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Heidi took over the watch at least two hours ago. I spent the first thirty minutes sitting near her, trying to start a conversation so I could build a possible alliance, but I might as well have been talking to the log I leaned against for all the response I got. Finally, I gave up and wandered over to lie by the ashes of our campfire, close enough to Samuel to feel marginally safe getting some rest but far enough removed that I feel cocooned in my own little corner of darkness.
I’m under no illusions. Heidi never looks my way, but she’s aware of me just as I’m aware of her. Besides, an hour after Heidi took up the watch, Ian joined her. He never looked my way either, but Ian knows me. He’ll be ready for anything I try.
So I lie on my back and watch the stars slowly drift by while Samuel curls up inside his bedroll and snores. Heidi and Ian stand beside the log Samuel used as a post for his watch, their heads close together. It looks like they’re arguing about something, but only the occasional echo of their words reaches me. Either they’re being quiet to preserve their ability to be alert to dangers approaching the camp, or they don’t want me to hear what they’re saying. Or both.
I’ve tried to sleep, knowing I’ll need to be ready for anything once we start traveling in the morning, but I can’t seem to manage it for more than a few minutes at a time. My chest feels hollowed out, and everything in me longs to crawl away from this camp, disappear into the Wasteland, and make my way back to Logan. Missing him feels like something I was born to do. I breathe. I blink. I miss Logan. I couldn’t stop it if I tried.
I don’t try. I want the hurt. The ache that threads through my body until I can’t separate the pain in my arm from the pain in my heart. Ian was right about one thing—pain reminds me that I’m still alive. Still here. Still moving forward even when it would be so much easier to stop.
I’m exhausted and on edge. Sleep feels impossible. I can’t stop circling around the thought that, once upon a time, Ian was a boy with dreams not so very different from mine.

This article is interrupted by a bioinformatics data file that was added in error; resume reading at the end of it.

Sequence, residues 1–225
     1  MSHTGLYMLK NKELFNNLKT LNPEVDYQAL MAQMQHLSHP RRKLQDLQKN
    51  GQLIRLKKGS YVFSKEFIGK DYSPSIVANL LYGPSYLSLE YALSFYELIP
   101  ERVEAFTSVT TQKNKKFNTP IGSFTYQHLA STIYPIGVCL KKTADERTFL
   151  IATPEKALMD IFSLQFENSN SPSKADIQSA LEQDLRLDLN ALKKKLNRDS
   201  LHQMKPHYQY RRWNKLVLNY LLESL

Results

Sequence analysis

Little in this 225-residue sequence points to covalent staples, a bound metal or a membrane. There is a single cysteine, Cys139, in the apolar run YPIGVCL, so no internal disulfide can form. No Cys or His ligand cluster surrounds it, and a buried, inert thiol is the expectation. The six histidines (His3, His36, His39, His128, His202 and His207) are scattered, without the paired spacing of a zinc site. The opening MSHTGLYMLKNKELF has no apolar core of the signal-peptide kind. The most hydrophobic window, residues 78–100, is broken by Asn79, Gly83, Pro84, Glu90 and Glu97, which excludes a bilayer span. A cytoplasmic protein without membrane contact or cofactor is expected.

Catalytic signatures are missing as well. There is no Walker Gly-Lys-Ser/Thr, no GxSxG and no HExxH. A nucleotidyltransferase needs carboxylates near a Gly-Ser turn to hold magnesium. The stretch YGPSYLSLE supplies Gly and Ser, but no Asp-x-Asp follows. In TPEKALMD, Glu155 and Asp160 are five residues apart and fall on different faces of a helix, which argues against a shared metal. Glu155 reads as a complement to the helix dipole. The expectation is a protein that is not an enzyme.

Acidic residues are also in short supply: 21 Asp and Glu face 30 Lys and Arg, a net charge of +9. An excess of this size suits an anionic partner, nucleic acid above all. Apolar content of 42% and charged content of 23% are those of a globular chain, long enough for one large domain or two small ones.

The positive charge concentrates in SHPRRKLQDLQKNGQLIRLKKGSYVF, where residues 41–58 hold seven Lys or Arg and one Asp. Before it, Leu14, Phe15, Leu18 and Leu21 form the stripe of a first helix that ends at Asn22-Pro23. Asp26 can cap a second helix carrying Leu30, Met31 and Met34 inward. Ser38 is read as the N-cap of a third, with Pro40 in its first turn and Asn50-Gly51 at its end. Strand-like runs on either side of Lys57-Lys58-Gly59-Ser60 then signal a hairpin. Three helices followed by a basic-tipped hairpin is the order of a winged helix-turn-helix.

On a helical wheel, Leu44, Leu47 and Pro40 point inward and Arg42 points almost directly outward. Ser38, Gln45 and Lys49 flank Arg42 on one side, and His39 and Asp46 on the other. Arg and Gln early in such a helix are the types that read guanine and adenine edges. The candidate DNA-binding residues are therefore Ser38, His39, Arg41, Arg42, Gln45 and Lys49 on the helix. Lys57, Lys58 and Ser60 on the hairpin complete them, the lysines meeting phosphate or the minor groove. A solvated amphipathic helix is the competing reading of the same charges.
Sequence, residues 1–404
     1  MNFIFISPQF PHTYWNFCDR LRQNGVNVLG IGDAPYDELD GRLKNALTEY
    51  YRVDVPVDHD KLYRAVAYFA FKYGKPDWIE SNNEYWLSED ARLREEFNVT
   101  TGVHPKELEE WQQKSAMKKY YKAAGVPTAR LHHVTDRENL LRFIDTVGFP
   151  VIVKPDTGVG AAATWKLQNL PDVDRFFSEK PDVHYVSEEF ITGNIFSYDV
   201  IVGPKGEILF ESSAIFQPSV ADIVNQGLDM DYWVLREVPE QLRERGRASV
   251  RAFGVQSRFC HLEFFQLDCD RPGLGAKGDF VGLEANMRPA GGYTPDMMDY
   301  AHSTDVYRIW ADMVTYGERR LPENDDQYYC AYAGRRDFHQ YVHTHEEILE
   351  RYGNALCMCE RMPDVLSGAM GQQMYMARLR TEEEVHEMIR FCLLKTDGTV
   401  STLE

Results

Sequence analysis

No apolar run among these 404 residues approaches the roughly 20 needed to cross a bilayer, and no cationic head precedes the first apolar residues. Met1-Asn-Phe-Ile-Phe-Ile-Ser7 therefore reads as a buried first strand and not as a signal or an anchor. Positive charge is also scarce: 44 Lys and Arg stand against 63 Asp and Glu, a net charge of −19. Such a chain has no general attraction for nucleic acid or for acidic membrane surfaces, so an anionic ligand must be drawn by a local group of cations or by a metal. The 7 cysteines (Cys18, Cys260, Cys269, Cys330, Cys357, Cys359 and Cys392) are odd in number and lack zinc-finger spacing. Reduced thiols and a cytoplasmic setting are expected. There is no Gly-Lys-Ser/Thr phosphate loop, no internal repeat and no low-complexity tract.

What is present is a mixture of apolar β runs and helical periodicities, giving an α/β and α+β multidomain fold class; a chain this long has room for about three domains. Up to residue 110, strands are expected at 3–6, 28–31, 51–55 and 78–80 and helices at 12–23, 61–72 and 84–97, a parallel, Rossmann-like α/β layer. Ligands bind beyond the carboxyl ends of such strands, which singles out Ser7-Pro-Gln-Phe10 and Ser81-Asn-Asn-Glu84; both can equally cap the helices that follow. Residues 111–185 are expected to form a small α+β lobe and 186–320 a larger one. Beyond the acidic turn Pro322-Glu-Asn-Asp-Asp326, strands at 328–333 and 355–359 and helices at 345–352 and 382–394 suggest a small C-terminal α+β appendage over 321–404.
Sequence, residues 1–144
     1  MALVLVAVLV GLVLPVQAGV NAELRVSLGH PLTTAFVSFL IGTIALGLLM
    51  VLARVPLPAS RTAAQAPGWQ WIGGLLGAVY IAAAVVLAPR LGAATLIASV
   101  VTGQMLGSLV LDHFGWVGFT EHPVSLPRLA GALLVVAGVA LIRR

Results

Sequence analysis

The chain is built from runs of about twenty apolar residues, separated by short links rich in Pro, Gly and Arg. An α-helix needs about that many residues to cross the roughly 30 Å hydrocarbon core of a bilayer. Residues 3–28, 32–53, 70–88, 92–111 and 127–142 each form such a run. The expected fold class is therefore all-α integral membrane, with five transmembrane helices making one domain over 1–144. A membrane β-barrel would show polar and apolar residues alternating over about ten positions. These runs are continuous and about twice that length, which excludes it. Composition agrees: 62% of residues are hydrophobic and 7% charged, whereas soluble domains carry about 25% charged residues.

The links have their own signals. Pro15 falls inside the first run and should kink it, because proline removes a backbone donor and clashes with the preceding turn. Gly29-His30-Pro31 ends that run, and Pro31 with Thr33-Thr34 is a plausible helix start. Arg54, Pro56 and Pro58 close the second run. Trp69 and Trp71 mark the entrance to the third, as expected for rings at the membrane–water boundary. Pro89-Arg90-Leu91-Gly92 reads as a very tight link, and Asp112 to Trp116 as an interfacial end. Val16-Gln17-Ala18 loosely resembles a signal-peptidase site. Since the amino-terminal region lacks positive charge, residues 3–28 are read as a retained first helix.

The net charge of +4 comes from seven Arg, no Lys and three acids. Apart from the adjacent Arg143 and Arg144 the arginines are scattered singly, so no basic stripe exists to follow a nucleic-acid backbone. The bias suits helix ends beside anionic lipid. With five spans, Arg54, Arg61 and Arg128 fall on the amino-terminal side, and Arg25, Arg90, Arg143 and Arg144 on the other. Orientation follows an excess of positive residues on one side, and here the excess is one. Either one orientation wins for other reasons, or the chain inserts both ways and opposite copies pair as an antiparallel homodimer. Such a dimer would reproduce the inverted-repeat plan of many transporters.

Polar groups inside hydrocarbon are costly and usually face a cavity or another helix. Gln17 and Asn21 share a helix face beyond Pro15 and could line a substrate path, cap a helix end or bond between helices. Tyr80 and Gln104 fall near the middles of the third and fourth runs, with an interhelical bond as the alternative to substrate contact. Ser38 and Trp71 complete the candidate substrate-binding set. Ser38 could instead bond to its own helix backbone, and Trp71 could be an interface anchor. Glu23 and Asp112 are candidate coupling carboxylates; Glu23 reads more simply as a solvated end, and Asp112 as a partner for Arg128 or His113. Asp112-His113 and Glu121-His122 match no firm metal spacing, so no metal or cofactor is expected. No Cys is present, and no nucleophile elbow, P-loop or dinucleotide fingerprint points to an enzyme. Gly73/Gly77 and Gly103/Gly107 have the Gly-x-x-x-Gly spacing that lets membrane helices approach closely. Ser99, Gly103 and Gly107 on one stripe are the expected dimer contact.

He deserves to die for destroying Baalboden. For murdering innocent people. Nothing will change that. But the boy with dreams also deserved to have his family remain whole. To follow in his father’s footsteps instead of being the one responsible for ending his father’s life.
I know all about the cruel ways life poisons the dreams we have and plunges us into darkness instead. I understand losing sight of the right choices because the wrong ones feel like the only salvation from pain that is too terrible to bear.
Something hot and wet slips down my face and drips onto my neck. I raise my good arm and wipe my cheeks. I’m crying. Again. This is all Quinn’s fault. Ever since he pushed me to crack the wall of silence inside and start feeling bits and pieces of the grief and guilt that belong to me, tears just . . . happen. It’s like my body knows I need to grieve and refuses to wait for me to give in to it.
I sit up and blink away the tears, even as more form in their wake. This is ridiculous. I can’t even think about Ian—the boy I want to kill—without feeling emotional and weepy. I scrub my face dry and glance at Samuel.
Still asleep. At least I don’t have an audience for this. Even if it would reinforce my image as the girl who must be protected, I can’t stand the thought of feeling raw and vulnerable in front of him again. Especially when I now know he blames me for Ian’s brokenness.
Before more unwanted empathy for Ian can swamp me, I begin to count all the ways in which he and I are different. True, we both lost our fathers because of the treachery set in motion years ago by the Commander, but my father died a hero. Ian killed his father because his leader told him to. Before I can feel vindicated that I would never have obeyed orders like that, I remember watching Oliver die in front of me because I was too scared of the Commander to fight back.
A sob tears through me, and I shove my cloak against my mouth to muffle the sound.
Comparing my situation with Ian’s is getting me nowhere. I need to take action and fix this before the entire tide of pent-up loss inside of me breaks loose. I glance toward Heidi and Ian. They’ve moved away from the log and are standing just inside the eastern edge of the Wasteland, facing away from the campsite. Whispered snatches of their conversation float past me.
“. . . other technicians . . .”
“. . . don’t need it . . .”
“. . . Logan . . .”
That does it. I need to know what they’re saying. I lean toward them and hold my breath, straining to hear more.
As if Ian can feel the weight of my gaze, he turns his head in my direction. Quickly, I lie back down and hold perfectly still. My pulse thrums against my ears. My hands itch to grab the knife in my boot. My tears, thankfully, have dried. Nothing like a little spike of adrenaline to shove a girl into a warrior’s mind-set again.
I count to one hundred, my back pressed against the rough dirt of our campsite, and then count to one hundred again for good measure. A breeze tangles with the oak leaves that surround us, and something skitters across a branch to the left of me. Samuel snores softly to the right.
When I finish counting, I slowly turn my head and look. Heidi and Ian are gone, though faint snatches of conversation still ghost through the night. They must’ve moved farther into the Wasteland. Apparently, they’re willing to compromise their ability to guard me in order to keep me from overhearing them.